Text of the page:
The Huanan seafood and wildlife market has been a focal point in the search for the origin of the coronavirus.
But this is the first peer-reviewed study of biological evidence gathered from the market back in 2020.
By linking the virus with animals sold in the market, it could open new lines of inquiry into how the outbreak began.
The research reveals swabs that tested positive for the virus also contained genetic material from wild animals.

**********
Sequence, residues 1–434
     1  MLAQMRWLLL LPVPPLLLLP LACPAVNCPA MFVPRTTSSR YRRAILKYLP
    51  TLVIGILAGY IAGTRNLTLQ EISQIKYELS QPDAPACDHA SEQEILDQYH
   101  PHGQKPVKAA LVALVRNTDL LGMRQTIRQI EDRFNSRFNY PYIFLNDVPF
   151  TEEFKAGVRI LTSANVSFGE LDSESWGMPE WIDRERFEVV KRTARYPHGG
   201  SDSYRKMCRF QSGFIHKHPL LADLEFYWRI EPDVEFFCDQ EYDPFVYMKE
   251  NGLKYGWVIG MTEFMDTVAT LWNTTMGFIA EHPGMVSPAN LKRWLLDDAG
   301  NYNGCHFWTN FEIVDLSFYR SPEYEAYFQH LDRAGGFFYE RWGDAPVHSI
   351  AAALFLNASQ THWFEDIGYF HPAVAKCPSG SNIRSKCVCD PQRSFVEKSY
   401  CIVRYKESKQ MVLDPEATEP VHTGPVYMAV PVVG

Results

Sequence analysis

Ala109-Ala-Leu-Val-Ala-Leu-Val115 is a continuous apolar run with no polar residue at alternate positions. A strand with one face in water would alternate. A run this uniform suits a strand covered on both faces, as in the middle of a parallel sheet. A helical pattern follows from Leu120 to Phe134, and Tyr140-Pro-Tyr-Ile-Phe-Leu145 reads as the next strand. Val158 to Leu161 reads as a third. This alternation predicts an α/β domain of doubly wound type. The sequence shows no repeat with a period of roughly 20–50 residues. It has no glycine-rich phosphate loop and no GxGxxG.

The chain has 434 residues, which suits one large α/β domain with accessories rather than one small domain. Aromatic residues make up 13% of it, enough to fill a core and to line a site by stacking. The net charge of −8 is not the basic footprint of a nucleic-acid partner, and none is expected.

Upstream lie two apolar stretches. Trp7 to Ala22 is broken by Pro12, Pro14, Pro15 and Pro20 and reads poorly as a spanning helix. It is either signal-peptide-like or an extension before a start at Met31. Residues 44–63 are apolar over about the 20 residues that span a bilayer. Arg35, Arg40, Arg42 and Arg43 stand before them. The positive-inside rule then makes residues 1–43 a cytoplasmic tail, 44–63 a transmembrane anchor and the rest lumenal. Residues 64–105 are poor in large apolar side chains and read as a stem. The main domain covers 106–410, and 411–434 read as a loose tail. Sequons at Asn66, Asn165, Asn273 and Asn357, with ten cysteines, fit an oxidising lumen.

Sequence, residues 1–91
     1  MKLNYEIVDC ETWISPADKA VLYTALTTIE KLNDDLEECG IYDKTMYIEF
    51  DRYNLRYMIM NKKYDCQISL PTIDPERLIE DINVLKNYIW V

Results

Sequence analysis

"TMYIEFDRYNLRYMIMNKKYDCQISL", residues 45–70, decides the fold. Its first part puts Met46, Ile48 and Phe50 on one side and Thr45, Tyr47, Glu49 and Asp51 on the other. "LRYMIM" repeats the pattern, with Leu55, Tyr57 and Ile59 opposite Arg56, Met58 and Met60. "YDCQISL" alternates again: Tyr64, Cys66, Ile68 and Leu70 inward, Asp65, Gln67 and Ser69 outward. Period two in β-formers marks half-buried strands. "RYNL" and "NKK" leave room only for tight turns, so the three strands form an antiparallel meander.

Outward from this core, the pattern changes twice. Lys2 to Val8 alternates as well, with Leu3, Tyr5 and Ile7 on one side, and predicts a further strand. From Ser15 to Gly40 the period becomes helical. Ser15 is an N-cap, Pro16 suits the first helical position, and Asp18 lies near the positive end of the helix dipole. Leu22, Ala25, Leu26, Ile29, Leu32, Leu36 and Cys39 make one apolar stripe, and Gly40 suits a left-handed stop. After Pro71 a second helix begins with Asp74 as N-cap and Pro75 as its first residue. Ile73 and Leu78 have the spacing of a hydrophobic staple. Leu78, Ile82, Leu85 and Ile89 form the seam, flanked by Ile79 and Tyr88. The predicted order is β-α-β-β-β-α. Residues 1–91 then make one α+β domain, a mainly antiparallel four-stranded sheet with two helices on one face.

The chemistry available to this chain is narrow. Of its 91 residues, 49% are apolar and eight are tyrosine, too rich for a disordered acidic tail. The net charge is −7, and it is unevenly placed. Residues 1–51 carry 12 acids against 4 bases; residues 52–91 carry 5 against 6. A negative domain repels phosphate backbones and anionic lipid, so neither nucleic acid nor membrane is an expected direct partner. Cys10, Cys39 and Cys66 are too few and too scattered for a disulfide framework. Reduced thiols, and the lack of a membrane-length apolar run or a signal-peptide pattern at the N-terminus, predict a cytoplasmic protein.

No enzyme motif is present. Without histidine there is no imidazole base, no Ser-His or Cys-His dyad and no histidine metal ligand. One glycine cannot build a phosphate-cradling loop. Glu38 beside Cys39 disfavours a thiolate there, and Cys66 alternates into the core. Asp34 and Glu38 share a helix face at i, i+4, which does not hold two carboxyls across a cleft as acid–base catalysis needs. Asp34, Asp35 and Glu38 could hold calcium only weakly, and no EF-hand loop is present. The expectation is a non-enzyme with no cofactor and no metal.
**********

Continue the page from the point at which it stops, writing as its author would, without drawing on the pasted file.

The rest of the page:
The Chinese research team’s paper showed that some samples – collected from areas where wildlife was being sold – had tested positive for the virus.
Their analysis also showed that animals now known to be susceptible to the virus, particularly raccoon dogs, were being sold alive in those locations.
But the Chinese researchers have pointed out that their discoveries fall short of definitive proof of how the outbreak started.
“These environmental samples cannot prove that the animals were infected,” the paper explains.
The possibility remains, it adds, that the virus was brought into the market by an infected person, rather than an animal.